I wonder how much of her life before labelling consisted of “coeliac roulette”. If I had a condition that required me to watch out for certain things for fear of unpleasant effects, I would probably avoid anything not labelled because of the peace of mind it would give to be able to eat something without the thought of “will this make me sick” hanging in the back of my mind.

When I had gallstones I was very careful about avoiding any foods that contained fat. I never had an episode of biliary colic when I followed that plan. Deviating from it though (which I had to on vacation) became an unpleasant lottery, which spoilt my fun even when I didn’t have an attack, as I was constantly worrying whether I would shortly be doubled up in pain on the floor of the restaurant.

Note that phenacetin is chemically very closely related to acetaminophen (replace a hydroxyl group with an ethoxyl), which is probably why it has largely supplanted phenacetin.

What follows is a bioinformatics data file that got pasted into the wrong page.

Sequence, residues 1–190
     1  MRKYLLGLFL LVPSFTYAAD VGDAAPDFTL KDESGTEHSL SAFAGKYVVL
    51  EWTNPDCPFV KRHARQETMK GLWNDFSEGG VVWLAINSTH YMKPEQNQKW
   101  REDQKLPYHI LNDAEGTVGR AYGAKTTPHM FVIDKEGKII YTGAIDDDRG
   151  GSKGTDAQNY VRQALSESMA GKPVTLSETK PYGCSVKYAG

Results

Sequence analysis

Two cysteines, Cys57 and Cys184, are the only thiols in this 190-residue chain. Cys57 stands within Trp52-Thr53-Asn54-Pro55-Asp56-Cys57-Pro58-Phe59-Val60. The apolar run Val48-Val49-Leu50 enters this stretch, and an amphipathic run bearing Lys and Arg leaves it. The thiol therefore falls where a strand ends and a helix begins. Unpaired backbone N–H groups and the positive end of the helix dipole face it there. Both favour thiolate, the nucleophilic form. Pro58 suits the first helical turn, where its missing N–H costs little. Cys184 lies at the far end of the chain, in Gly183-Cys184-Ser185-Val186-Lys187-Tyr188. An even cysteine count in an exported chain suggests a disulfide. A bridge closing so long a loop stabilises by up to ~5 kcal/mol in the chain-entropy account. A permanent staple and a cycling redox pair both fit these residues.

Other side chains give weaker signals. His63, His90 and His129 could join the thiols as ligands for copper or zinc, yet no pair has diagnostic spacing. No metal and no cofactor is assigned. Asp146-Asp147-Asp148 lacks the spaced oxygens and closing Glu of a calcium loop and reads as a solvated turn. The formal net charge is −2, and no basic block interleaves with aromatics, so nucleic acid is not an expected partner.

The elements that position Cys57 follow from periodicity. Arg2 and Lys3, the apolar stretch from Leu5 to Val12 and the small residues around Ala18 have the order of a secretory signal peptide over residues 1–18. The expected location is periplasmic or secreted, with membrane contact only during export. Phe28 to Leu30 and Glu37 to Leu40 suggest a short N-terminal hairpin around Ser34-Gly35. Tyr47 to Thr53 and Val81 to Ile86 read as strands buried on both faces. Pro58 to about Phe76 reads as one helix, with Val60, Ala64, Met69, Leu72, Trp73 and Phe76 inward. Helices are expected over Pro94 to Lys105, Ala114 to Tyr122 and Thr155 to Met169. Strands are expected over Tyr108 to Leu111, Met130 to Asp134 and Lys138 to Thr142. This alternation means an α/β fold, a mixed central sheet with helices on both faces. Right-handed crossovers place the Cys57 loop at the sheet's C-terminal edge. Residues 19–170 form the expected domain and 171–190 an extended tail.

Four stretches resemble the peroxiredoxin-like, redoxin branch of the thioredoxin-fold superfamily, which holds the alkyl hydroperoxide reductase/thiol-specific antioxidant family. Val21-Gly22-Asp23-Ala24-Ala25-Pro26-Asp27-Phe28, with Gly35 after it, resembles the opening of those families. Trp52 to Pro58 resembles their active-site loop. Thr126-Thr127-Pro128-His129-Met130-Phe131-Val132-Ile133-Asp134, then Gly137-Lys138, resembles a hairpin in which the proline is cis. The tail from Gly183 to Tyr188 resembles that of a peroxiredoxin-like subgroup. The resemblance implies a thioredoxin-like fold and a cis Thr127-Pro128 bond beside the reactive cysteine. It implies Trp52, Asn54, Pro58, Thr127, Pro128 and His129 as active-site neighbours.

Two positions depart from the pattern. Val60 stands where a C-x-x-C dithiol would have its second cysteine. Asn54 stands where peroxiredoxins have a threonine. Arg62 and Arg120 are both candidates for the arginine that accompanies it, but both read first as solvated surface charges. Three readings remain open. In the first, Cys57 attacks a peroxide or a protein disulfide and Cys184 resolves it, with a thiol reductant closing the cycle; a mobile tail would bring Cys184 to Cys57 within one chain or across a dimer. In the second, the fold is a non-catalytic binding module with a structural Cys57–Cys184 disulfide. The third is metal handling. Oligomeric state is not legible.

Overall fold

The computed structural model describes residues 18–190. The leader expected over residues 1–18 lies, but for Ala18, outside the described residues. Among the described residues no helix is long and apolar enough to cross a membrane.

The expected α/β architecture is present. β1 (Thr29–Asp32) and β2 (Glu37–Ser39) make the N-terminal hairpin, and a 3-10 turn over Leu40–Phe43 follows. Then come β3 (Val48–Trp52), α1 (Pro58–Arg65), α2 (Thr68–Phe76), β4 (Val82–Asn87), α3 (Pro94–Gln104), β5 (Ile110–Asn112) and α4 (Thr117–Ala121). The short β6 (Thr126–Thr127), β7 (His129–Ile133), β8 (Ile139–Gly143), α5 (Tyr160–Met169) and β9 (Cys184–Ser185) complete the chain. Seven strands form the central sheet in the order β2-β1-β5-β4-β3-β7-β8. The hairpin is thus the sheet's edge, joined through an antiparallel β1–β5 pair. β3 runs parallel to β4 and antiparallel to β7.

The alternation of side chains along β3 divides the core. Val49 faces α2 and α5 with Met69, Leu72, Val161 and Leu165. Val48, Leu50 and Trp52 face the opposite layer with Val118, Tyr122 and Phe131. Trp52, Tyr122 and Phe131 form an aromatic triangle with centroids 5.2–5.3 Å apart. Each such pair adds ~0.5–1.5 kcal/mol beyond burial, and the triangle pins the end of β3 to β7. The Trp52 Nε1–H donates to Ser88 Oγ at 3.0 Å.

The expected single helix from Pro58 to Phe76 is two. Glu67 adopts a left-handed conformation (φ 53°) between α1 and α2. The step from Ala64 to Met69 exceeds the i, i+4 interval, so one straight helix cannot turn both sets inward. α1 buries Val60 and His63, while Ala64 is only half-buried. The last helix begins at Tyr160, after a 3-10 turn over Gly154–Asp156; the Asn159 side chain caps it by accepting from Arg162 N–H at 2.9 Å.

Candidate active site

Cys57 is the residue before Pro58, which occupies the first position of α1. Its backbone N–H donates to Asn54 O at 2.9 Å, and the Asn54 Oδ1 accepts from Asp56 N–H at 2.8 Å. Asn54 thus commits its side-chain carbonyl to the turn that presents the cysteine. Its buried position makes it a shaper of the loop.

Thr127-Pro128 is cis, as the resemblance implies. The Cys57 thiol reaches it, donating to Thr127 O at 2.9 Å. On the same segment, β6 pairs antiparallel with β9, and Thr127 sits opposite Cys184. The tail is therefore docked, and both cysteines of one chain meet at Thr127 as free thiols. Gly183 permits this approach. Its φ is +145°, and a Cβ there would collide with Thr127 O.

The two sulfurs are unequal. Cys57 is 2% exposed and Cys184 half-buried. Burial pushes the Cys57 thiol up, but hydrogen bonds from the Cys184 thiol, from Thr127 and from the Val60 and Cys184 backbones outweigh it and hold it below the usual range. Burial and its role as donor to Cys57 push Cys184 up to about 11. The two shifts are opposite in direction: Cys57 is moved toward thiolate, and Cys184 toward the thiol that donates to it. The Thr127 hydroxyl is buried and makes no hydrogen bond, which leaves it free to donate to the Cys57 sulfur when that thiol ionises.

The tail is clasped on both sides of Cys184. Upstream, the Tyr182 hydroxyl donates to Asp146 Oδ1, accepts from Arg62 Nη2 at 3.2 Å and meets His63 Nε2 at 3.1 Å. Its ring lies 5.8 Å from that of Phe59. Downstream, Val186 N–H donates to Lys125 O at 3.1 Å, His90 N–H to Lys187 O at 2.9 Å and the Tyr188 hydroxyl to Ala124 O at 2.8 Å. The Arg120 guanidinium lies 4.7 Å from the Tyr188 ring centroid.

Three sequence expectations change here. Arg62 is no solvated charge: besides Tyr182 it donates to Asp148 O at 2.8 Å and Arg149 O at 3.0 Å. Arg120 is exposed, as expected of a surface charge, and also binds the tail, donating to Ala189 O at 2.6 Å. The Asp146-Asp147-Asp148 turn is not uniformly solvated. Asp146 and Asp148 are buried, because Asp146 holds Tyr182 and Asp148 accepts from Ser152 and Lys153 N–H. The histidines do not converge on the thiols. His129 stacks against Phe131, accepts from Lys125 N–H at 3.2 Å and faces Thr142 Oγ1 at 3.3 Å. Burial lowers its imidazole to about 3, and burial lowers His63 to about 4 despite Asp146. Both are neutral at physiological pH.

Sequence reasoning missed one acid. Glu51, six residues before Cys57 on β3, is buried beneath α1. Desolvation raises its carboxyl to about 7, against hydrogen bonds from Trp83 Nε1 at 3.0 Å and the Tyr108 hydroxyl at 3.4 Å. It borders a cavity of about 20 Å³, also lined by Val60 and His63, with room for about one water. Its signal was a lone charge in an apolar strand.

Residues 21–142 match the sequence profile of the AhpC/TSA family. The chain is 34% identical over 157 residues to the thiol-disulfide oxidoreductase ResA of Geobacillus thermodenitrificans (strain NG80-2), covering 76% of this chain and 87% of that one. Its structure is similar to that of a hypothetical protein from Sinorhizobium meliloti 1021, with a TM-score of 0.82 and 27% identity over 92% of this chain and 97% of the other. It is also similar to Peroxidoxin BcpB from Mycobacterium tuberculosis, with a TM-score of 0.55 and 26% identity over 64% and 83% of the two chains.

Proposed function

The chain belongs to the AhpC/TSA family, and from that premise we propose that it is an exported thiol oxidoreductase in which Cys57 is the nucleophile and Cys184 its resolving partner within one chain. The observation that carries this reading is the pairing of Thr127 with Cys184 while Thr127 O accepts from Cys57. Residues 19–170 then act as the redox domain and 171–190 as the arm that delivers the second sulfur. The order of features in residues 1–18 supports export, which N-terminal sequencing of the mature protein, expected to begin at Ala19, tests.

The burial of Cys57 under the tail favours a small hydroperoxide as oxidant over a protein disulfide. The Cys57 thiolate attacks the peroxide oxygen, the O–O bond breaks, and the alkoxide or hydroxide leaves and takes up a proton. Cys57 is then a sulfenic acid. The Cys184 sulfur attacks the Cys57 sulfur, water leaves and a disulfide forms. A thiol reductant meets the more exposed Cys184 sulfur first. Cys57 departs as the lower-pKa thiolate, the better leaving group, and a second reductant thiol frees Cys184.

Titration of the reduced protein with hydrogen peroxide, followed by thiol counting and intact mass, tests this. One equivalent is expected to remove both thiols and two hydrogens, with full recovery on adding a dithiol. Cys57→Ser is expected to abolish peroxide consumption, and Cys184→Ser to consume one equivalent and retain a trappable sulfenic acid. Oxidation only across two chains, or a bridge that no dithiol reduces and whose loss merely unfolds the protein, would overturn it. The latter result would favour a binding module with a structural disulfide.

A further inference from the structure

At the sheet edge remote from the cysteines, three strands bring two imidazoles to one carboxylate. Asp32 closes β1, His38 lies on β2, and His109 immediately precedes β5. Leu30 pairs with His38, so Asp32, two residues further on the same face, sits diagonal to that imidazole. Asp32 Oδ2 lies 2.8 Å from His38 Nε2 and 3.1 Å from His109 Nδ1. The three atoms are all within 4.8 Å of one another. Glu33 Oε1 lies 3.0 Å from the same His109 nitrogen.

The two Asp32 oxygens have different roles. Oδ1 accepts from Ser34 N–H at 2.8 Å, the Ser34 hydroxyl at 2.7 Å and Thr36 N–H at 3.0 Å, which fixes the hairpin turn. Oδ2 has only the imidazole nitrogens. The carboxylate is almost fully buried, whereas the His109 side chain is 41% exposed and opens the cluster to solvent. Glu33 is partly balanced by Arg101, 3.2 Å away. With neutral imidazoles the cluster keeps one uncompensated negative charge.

For some reason, the only excipient names I can think of right now are magnesium stearate and lactose… neither of which contain sodium! I’m not aware of sodium stearate being used in pharmaceuticals, though it is used in detergents (perhaps in some form of extended-release mixture? I have no idea).

I used to know the ingredients to 6 different versions of an under-development drug (not yet on the market), but I can’t seem to remember them at all now (it’s been 2.5 years since I worked at that company!) I could have sworn one of them was a sodium salt.
The “Excipients” wiki lists the following soldium salts:
sodium starch glycolate
sodium carboxymethyl cellulosemethycellulose (?!?)
sodium citrate (–that’s the one I was looking for above!!)

And I suppose sodium benzoate could be counted as well, though it’s mostly used in syrups and, IIRC, injectables.

Yup. A long time ago. Don’t know what the “P” stands for either.

On preview, looks like MikeS got it.

I’ve never encountered any storage issues when keeping sodium or other salts of active pharmaceuticals vs their “free” form. It may explain the tiny vial of dessicant in my Excedrin, though.
As an added bonus, “salting” a molecule frequently makes it many times easier to isolate as a crystalline solid.

I have become a fan of Alka Seltzer, the first aspirin I have ever taken apart from once as a child. I was introduced to the lemon lime flavored variety but substituted the original formula when I could not find what I liked. It was extraordinarily salty. Can citrus chemicals replace whatever function was originally played by the salt?

I like that the label suggests its use for the problems often associated with overindulgence.